Still pursuing it: Adani & Tata continue to chase coal-fired power despite its failing financials
Image credit: Hindustan Times

Tata and Adani Power likely to buyout two major stressed assets

Two major coal-fired stressed assets – Pragyaraj Power’s 1,980MW super-critical plant in Uttar Pradesh and GMR Infrastructure’s 1,370MW plant in Chhattisgarh – are very close to be bought out by Resurgent Power (a Tata Power-ICICI Ventures tie-up) and Adani Power, respectively. Resurgent has already received an LOI from Pragyaraj for 75.01% equity in the project.

The plants reportedly have viable fuel supply linkages and power tariffs, and the acquisitions may be one of the few to result from the restructuring of the nearly $10.5bn mess of stranded power assets.

Hike in tariffs proposed for Essar, Adani and Tata stressed assets in Gujarat

A hike in tariffs seems imminent for power from Tata, Essar and Adani Power’s coal-fired stressed assets in Gujarat – as they may be allowed to pass-through the increased cost of imported coal to their customers. The resolution plan however directly contradicts the Supreme Court’s 2017 ban on any tariff hikes for the plants and must be approved by the state’s chief minister and the cabinet.

24 stressed assets likely to face liquidation, banks request for more time to resolve NPAs

24 coal and gas-fired stressed assets are very likely to face liquidation after failing to attract any bids for buyouts. The debt-ridden projects have no reliable fuel supply linkages or power off-takers at viable tariffs.

Meanwhile State Bank of India (SBI) and Punjab National Bank (PNB) have sought additional time (beyond August 27) to resolve debt issues for 9,500MW of stressed assets that may be operationally viable. The Allahabad High Court and the Reserve Bank of India (RBI) though remain defiant on granting extensions – believing that government policies were also responsible for the heavy losses now likely to ensue for the projects’ lenders.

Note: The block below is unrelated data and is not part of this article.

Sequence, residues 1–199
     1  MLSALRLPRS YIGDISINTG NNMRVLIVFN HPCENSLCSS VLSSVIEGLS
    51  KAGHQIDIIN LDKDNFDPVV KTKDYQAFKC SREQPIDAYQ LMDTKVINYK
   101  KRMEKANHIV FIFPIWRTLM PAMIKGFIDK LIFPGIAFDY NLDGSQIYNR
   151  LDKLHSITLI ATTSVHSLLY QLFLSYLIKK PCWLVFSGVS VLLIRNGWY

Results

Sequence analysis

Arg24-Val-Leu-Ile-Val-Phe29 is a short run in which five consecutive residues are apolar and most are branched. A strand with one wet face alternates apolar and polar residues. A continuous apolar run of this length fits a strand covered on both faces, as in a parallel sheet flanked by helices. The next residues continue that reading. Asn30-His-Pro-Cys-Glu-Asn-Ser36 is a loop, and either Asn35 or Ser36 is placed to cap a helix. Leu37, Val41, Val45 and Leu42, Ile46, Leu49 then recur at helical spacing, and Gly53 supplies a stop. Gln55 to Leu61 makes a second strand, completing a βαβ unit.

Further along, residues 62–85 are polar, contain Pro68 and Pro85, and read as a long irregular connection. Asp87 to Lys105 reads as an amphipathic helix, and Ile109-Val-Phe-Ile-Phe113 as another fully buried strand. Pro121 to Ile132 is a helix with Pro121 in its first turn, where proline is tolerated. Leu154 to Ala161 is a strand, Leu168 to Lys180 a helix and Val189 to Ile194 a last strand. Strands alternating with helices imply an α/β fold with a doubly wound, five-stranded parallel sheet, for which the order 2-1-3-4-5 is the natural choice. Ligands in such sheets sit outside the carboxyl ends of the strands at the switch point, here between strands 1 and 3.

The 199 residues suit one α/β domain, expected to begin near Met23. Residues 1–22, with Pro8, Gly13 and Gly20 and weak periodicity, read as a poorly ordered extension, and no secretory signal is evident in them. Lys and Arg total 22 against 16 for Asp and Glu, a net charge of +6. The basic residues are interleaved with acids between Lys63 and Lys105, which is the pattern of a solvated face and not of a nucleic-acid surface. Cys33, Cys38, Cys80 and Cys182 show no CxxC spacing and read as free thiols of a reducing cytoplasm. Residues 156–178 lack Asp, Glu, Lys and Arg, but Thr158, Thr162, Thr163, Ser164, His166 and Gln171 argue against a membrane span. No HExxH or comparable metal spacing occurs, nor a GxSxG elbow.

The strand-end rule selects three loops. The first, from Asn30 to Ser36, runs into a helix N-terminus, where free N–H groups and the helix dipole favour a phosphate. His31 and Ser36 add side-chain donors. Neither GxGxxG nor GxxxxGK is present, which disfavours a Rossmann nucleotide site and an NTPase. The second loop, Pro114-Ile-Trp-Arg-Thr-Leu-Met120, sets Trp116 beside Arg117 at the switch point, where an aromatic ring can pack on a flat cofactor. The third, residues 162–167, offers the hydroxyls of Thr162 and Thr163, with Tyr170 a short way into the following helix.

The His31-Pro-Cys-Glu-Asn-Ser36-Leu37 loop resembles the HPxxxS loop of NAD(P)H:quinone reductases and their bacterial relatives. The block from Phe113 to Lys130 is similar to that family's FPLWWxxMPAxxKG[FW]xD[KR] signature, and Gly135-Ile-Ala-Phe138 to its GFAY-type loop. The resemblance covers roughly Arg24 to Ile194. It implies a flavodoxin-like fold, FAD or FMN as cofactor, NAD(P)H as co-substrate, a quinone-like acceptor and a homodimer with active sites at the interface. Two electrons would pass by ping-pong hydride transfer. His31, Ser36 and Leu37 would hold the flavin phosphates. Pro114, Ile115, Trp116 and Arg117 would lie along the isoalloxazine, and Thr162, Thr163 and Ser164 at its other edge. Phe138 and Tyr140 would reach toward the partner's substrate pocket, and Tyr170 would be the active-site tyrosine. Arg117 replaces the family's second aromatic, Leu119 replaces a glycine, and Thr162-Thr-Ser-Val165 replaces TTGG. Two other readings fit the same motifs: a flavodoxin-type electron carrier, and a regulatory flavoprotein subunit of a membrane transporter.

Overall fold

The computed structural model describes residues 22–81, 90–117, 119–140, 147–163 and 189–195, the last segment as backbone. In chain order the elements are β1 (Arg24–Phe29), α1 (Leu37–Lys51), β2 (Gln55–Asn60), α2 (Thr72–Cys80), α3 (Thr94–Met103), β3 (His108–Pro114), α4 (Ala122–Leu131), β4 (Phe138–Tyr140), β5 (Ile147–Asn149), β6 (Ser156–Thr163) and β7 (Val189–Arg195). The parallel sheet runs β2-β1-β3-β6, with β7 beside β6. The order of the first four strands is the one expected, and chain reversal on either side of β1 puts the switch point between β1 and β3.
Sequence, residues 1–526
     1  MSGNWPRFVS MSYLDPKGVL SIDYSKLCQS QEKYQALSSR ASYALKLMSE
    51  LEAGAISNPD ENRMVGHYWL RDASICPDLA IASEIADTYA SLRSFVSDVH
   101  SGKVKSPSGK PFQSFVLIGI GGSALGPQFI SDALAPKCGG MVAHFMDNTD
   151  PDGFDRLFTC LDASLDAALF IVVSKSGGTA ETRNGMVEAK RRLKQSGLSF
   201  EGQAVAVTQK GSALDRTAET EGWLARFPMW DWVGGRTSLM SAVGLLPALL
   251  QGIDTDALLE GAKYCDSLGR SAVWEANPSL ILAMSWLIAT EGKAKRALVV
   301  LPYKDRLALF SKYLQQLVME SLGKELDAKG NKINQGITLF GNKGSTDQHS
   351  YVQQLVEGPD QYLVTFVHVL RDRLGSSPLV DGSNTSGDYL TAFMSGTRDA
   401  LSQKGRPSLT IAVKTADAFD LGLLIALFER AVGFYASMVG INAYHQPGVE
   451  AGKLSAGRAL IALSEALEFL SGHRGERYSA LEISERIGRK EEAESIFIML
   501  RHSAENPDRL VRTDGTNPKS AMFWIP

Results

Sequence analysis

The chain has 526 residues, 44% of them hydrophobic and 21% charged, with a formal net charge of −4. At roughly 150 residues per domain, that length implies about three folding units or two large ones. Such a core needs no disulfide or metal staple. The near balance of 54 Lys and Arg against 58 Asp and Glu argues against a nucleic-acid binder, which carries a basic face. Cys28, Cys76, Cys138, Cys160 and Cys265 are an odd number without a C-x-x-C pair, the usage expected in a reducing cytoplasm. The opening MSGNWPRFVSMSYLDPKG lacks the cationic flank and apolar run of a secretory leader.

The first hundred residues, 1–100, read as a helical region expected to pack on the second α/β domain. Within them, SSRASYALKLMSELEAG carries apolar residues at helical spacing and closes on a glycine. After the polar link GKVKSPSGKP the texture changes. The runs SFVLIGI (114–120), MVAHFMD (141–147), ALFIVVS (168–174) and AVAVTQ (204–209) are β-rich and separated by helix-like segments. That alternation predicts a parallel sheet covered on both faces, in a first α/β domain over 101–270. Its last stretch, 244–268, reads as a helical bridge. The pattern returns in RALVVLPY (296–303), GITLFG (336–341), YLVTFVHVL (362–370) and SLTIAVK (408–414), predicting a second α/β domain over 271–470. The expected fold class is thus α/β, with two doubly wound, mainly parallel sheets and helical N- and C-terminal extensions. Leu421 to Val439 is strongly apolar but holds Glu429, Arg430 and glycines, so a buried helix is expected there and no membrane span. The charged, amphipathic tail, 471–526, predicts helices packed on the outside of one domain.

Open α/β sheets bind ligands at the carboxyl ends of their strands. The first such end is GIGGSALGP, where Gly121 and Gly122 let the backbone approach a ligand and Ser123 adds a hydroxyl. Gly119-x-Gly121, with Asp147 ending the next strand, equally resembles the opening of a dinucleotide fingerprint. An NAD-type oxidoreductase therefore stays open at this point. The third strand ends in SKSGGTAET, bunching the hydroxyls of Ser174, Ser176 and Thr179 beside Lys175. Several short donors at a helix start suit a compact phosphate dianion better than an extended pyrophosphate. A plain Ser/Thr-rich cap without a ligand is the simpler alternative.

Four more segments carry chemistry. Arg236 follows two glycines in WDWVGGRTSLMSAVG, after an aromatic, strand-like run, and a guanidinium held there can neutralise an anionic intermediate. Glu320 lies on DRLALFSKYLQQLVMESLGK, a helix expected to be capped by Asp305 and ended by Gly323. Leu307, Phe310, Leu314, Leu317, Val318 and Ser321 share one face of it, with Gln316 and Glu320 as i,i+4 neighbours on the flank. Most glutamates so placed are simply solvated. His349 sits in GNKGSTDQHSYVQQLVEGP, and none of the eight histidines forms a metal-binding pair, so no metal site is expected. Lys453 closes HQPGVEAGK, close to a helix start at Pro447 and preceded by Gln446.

Major setback for climate campaigners as Norway’s pension fund may remain invested in oil & gas

The Norwegian government may have handed climate campaigners a major setback after concluding that the risks from fluctuating oil prices were too low for the nation’s $1trillion pension fund to divest its fossil fuel holdings.

The recommendation has already boosted several oil & gas stocks but has been strongly criticized for its apparent ignorance of fossil fuels’ climate impacts. The fund was advised by the country’s central bank to divest from fossil fuel holdings to shield against an anticipated global fall in consumption.

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